IBC: Iowa business leaders slightly more optimistic, but still bearish
Iowa faces a worker shortage that makes recreational offerings more important, a business group says. (Photo by Perry Beeman, Iowa Capital Dispatch)
Leaders of Iowa’s largest companies still are bearish on Iowa’s recession-rattled economy, but more optimistic than they were in the first quarter.
“That gives us little glimmers of hope and optimism as we move forward,” said Joe Murphy, council executive director.
Because the index again fell under 50, that means the executives overall have a negative sentiment towards the next six months, Murphy said.
The first quarter reading was the lowest since the Great Recession in 2009.
Murphy said he considers it a good sign that business owners were more positive after one quarter of a sagging index. “When you look at the last recession, IBC had two straight quarters of decrease, so I have cautious optimism,” he said.
“I don’t want to be overly optimistic,” Murphy added. “There are hardships that we as a state have to overcome, but Iowans are up to the task. We always recover.”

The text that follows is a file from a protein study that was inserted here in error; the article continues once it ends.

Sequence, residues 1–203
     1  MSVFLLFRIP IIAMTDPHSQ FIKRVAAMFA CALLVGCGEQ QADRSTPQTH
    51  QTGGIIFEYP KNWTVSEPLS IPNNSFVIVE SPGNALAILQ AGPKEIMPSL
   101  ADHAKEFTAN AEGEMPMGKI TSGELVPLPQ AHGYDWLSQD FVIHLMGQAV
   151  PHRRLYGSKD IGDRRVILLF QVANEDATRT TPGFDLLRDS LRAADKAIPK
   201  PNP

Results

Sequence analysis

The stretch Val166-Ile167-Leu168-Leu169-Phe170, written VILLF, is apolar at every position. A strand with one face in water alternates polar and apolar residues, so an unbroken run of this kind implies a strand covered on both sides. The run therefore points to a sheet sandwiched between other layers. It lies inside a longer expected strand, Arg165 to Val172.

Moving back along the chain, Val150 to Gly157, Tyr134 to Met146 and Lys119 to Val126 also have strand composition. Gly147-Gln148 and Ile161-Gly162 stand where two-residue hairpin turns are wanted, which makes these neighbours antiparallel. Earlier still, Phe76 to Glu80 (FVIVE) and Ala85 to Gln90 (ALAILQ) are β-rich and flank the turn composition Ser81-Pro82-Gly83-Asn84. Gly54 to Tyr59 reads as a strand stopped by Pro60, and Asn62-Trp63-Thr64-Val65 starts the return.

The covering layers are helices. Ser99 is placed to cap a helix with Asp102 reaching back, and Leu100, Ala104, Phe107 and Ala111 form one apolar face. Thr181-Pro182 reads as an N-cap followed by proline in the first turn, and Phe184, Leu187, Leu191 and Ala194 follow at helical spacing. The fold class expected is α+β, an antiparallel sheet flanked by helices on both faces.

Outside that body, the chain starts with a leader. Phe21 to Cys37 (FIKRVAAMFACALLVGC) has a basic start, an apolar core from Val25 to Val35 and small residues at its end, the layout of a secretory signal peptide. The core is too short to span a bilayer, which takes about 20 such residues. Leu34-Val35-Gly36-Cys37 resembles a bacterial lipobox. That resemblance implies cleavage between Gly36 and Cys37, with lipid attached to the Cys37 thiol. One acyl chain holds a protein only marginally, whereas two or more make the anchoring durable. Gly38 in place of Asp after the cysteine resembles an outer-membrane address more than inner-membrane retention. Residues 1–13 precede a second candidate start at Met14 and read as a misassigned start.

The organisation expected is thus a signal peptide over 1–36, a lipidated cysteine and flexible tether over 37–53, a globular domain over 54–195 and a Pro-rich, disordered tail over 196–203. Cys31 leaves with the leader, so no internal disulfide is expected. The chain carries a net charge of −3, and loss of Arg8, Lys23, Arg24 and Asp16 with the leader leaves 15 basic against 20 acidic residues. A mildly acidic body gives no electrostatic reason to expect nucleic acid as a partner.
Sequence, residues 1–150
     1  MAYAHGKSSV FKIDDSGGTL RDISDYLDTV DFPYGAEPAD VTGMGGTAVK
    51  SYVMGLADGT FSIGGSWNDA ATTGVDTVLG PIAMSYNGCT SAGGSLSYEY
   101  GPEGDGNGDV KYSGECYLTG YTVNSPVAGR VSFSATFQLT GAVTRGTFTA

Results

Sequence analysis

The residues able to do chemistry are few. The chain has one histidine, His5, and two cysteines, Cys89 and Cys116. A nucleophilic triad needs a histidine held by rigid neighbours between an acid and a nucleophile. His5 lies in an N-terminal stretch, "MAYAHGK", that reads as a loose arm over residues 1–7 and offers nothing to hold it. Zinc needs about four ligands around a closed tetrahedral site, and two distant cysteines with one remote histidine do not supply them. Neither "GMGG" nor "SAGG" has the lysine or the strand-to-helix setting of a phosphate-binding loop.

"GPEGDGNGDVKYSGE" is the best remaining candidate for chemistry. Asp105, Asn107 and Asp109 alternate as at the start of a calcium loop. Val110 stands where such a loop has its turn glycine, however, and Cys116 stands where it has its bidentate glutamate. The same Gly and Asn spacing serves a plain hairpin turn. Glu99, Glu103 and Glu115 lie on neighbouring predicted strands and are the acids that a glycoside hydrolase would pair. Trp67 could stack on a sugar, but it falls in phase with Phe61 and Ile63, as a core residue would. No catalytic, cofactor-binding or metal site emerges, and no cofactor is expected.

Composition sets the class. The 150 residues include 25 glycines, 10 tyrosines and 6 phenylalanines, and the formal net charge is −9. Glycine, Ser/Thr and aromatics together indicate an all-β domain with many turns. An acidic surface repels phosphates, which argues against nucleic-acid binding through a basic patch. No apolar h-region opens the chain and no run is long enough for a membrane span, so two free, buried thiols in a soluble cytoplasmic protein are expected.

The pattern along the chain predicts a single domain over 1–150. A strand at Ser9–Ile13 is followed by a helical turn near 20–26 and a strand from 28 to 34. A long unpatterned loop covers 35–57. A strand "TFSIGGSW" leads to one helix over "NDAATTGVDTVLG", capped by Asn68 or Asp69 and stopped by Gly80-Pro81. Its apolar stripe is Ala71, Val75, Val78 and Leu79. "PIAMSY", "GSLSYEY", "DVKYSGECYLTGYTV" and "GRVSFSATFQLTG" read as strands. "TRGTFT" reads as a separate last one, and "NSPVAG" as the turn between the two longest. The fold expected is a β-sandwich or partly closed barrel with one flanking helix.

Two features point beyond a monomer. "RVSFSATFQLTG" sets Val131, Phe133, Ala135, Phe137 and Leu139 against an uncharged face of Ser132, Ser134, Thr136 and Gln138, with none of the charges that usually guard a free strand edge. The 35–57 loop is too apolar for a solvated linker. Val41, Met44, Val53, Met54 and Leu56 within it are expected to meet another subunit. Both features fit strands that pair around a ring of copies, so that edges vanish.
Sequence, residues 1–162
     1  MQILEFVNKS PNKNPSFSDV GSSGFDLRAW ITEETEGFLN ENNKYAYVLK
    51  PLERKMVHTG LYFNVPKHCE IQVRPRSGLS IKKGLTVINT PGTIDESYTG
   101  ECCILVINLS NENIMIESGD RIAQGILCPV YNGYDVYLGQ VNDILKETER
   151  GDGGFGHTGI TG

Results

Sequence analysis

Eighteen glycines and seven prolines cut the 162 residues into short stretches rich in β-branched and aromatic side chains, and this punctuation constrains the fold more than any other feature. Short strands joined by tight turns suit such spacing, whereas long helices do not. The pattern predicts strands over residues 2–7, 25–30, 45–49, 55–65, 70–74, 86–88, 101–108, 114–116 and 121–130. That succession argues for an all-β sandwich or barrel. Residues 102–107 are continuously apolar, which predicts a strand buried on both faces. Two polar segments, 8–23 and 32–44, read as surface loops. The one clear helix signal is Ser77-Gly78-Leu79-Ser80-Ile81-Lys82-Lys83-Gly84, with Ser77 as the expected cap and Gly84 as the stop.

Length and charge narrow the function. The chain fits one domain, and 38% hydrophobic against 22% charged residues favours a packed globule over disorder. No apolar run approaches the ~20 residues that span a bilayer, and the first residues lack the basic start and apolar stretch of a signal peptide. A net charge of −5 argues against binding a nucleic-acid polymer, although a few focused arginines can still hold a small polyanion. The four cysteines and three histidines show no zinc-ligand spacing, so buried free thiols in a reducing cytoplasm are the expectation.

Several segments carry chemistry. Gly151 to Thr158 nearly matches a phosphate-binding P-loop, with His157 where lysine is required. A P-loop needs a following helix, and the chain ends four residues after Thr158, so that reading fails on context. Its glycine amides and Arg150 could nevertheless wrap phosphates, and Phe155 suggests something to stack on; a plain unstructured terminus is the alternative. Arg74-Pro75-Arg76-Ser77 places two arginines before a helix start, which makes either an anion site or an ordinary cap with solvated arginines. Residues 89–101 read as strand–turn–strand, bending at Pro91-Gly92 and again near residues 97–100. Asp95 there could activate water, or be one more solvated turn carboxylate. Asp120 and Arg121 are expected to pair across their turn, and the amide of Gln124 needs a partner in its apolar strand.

The survey measures members’ expectations for sales, capital spending and employment. The business leaders said disruptions due to the COVID-19 pandemic along with regulatory changes were among primary challenges.
Overall, 60% of survey respondents expect sales to be lower over the next six months. Forty-five percent predict employment will fall, and just 35% expect higher capital spending over the next two quarters.
Half of those surveyed had laid off or furloughed workers due to the COVID-19 pandemic. Of those employers, 80% expect to rehire most or all of those workers, and 60% expect that to happen in the next seven to nine months.
A majority of IBC members said they are only hiring critical staff, while 10% have expanded their workforce.
Murphy said the governor’s Economic Recovery Advisory Board will be looking for ways to expand Iowa’s economy beyond what it was before the pandemic hit.
“This is a good opportunity for us to reset and try to find the positives in a very challenging situation,” Murphy said. “The goal is not only to get back to the economic conditions of March 1, but to get back to that point and beyond. We fully expect to come out of this stronger than before.”
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